Mechatronic Research and Development

(combinations of "mechanical" and "electronics")

mechatronics (pl) (used in the singular) (noun)
A blend of mechanics and electronics, mechatronics has come to mean the combined use of precision engineering, control theory, computer science, and sensor and actuator technology to design and to improve products and processes.

The word was first coined by a senior engineer of a Japanese company; Yaskawa, in 1969, as a combination of mecha of "mechanisms" and tronics of "electronics" and the company was granted the trademark rights to the word in 1971.

The word soon received broad acceptance in industry and, in order to allow its free use, Yaskawa elected to abandon its rights to the word in 1982.

Mechatronics has taken a wider meaning since then and is now being widely used as a technical jargon to describe a philosophy in engineering technology, more than the technology itself.

For this wider concept of mechatronics, a number of definitions has been proposed, differing in the particular characteristics that the definition is intended to emphasize.

The most commonly used term emphasizes synergy: "Mechatronics is the synergistic integration of mechanical engineering with electronics and intelligent computer control in the design and manufacture of products and processes."

Detailed Explanations of Mechatronics

Mechatronics is nothing new; it is simply the application of the latest techniques in precision mechanical engineering, controls theory, computer science, and electronics to the design process to create more functional and adaptable products.

This, of course, is something many forward-thinking designers and engineers have been doing for years.

The vaguely awkward word was first coined in Japan some 30 years ago. Since then, mechatronics has come to denote a synergistic blend of mechanics and electronics.

The word's meaning is somewhat broader than the traditional term electromechanics, which to many connotes the use of electrostatic or electromagnetic devices.

It is also a continually evolving concept with 1,001 definitions, many of which are so broad or so narrow to be of seemingly marginal use.

Mechatronics is more than semantics. It's a significant design trend that has a marked influence on the product-development process, international competition in manufactured goods, the nature of mechanical engineering education in coming years, and quite probably the success mechanical engineers will have in becoming team leaders or engineering managers.

The Roots of Mechatronics

Mechatronics was first used in terms of the computer control of electric motors by an engineer at Japan's Yaskawa Electric Co. in the late 1960s.

The word has remained popular in Japan, and has been in general use in Europe for many years. Although mechatronics has been slow to gain industrial and academic acceptance as a field of study and practice in Great Britain and the United States, its increasingly prominent place worldwide is shown by the growing number of undergraduate and postgraduate mechatronics courses now being offered by educational institutions.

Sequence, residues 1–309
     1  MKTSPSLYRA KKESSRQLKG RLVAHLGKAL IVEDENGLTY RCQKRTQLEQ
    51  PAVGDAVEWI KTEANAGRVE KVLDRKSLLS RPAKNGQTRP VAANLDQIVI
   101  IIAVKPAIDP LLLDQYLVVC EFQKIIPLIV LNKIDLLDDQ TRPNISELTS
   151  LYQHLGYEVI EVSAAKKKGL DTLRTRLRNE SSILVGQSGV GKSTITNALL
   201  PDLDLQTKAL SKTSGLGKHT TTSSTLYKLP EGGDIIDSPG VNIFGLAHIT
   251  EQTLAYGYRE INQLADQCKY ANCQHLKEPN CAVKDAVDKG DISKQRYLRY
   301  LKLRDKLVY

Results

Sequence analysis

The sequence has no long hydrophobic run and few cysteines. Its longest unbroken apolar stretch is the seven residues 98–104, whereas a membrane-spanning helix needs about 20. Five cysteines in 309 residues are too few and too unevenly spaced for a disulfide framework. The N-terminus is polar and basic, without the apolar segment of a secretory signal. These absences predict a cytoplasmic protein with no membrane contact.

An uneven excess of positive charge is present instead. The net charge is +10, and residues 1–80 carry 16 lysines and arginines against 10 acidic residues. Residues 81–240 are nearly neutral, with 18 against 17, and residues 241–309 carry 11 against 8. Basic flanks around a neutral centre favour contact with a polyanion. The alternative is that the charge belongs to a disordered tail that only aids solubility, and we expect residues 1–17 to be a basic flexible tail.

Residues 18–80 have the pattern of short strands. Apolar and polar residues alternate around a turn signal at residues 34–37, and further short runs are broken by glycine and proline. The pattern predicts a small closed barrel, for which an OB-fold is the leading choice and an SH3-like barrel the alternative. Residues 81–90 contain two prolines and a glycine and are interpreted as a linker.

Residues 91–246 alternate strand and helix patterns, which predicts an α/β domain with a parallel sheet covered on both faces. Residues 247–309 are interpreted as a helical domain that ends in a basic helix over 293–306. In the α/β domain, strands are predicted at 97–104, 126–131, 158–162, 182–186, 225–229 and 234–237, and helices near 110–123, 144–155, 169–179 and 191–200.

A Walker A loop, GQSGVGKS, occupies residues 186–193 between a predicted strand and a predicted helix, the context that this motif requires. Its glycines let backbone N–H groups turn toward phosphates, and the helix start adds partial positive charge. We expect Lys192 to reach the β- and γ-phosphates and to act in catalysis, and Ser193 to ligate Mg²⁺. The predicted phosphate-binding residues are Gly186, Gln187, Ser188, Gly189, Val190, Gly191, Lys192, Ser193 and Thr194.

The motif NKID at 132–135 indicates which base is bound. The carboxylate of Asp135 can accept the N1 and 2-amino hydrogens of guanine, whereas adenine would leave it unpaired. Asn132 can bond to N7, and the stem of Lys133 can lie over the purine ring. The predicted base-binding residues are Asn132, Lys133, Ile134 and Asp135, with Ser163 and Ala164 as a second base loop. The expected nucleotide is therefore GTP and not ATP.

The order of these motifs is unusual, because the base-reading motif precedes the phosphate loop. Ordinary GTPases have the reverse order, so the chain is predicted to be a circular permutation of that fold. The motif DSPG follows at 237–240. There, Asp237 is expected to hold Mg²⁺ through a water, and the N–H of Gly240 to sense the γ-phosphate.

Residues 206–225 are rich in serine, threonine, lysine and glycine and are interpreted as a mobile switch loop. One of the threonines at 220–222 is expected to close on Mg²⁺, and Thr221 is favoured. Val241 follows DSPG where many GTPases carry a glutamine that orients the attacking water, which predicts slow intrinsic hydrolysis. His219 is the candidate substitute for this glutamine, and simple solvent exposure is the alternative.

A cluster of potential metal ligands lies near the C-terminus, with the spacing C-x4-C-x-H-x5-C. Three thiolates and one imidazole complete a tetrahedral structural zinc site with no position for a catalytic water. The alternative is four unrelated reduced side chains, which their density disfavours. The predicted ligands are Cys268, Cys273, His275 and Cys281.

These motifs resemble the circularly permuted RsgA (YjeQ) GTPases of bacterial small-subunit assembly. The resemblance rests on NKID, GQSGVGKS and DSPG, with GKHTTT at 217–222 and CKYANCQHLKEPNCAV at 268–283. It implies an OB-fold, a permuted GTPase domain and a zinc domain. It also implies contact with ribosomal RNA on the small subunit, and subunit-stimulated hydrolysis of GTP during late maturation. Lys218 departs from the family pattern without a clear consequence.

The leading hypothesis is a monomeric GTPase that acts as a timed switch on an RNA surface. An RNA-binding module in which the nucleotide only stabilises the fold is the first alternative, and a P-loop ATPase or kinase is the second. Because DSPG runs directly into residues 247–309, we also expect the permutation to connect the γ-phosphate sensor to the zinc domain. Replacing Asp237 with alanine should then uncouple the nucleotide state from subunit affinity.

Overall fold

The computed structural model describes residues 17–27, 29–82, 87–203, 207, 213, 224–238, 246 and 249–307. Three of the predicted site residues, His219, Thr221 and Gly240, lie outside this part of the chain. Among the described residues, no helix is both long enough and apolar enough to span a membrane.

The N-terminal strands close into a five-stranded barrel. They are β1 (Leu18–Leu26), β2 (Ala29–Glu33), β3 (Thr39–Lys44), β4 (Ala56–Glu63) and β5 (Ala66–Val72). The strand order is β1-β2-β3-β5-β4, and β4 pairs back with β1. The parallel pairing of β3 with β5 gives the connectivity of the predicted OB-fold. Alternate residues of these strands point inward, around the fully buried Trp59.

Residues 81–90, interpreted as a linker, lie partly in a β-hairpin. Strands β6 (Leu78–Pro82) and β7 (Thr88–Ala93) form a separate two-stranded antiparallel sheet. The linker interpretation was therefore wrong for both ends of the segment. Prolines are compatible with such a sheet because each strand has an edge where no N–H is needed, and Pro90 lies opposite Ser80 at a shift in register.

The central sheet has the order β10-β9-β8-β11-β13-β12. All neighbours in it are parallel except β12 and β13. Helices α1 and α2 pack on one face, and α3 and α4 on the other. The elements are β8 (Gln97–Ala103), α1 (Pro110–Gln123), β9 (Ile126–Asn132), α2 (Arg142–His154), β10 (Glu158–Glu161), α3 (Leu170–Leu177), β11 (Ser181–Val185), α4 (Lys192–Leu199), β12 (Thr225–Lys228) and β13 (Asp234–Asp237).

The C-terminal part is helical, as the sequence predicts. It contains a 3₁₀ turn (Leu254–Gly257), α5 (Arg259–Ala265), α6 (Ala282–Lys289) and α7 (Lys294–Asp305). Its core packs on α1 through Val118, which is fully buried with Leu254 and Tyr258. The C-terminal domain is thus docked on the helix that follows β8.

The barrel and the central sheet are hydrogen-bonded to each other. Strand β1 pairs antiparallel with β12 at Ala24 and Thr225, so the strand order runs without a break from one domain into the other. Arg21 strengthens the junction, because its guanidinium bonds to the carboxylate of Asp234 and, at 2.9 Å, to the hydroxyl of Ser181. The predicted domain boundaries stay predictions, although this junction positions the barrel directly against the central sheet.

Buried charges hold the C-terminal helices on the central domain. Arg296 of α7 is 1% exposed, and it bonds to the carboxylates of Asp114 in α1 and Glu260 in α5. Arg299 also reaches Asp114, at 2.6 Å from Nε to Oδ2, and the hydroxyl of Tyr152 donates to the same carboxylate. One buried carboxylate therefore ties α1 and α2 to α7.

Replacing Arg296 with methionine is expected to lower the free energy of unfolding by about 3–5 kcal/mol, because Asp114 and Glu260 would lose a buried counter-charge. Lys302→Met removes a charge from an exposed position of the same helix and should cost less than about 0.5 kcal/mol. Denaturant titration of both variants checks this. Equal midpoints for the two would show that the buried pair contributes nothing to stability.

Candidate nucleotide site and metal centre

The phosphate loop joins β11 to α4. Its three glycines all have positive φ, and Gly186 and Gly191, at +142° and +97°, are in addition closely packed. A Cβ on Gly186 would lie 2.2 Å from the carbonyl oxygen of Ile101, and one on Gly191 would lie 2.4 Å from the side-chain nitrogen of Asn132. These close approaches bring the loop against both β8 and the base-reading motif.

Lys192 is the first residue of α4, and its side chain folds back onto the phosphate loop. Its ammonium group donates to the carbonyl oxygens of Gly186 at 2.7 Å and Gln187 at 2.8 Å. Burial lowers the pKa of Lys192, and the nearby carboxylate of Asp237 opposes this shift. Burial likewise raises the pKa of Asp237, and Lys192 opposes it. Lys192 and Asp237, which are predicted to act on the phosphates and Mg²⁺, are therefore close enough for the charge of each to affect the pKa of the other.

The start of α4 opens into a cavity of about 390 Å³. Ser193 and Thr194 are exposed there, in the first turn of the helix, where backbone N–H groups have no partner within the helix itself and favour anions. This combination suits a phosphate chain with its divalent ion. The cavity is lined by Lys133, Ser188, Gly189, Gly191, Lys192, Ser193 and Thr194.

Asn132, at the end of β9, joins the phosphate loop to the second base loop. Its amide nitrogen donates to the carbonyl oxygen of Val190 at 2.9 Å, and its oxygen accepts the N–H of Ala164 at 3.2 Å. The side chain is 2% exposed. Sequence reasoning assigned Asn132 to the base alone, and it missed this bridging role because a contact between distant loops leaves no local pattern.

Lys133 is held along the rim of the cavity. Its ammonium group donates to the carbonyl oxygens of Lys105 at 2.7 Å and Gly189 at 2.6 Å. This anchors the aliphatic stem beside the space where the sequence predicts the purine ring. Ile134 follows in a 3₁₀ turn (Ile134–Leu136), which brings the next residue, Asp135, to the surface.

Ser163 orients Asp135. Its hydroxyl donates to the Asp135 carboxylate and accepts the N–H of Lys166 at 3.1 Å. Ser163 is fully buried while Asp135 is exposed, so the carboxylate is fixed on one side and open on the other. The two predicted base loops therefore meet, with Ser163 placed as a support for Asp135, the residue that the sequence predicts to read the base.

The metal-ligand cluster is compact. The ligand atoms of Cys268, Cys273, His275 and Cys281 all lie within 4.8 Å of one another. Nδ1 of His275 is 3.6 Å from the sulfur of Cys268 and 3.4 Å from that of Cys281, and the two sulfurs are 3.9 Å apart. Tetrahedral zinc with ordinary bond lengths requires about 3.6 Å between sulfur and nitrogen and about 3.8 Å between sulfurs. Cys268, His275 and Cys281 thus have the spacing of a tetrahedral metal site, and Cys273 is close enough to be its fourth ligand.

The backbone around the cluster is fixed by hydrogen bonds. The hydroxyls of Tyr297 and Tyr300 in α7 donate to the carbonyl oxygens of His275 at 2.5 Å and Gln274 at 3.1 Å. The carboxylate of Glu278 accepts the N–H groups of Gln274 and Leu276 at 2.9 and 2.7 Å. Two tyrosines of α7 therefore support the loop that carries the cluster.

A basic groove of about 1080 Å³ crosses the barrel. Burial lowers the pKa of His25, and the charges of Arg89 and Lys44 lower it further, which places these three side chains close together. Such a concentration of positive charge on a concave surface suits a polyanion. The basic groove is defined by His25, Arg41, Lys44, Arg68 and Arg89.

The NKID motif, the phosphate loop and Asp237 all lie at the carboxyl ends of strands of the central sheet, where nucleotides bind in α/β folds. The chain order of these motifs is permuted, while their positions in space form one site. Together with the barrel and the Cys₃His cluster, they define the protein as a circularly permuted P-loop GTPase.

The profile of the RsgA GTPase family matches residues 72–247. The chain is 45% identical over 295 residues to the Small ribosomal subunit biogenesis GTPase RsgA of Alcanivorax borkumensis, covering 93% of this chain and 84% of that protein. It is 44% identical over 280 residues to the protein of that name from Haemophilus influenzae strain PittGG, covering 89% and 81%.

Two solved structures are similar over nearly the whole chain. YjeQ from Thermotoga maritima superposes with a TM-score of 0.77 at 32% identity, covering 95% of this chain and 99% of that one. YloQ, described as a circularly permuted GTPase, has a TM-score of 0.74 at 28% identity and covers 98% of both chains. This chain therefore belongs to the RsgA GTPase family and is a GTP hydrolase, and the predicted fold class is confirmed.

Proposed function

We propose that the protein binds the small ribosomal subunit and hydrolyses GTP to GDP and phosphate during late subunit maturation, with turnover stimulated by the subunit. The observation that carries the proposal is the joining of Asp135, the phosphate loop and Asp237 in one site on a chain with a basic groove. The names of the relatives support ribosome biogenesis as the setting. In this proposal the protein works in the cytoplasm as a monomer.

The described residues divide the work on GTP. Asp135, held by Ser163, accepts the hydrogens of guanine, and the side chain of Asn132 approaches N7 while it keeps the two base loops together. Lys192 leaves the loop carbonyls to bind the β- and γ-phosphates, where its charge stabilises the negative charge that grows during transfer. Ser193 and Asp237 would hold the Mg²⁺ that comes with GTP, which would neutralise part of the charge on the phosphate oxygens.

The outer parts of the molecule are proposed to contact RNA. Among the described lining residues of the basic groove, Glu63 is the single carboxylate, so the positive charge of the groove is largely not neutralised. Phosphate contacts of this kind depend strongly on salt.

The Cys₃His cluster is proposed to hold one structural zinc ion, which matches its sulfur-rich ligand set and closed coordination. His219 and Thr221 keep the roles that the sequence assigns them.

Many engineers are convinced that mechatronics grew out of robotics. Early robotic arms, then unable to coordinate their movements and without sensory feedback, benefited greatly from advances in kinematics, dynamics, controls, sensor technology, and high-level programming.

The same battery of modern technologies that made robots more flexible and thus more useful was then brought to bear on the design of new generations of high-performance, adaptable machinery of all kinds.

  • In the 1970s, mechatronics was concerned mostly with servo technology used in products such as automatic door openers, vending machines, and autofocus cameras.
  • Simple in implementation, the approach encompassed the early use of advanced control methods.
  • In the 1980s, as information technology was introduced, engineers began to embed microprocessors in mechanical systems to improve their performance.
  • Numerically controlled machines and robots became more compact, while automotive applications such as electronic engine controls and antilock-braking systems became widespread.
  • By the 1990s, communications technology was added to the mix, yielding products that could be connected in large networks.
  • This development made functions such as the remote operation of robotic manipulator arms possible.
  • At the same time, new, smaller (even microscale) sensor and actuator technologies are being used increasingly in new products.
  • Microelectromechanical systems; such as, the tiny silicon accelerometers that trigger automotive air bags, are examples of the latter use.
—Compiled from information located at
"Getting a hold on mechatronics" by Steven Ashley, Associate Editor;
The American Society of Mechanical Engineers; May 1, 1997.

Arrow pointing to words and info sections Also see this new related field of technology currently identified as: biomechatronics.

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A cross reference of word units that are related, directly and/or indirectly, with "electricity": electro-; galvano-; hodo-; ion-; piezo-; -tron; volt; biomechatronics, info.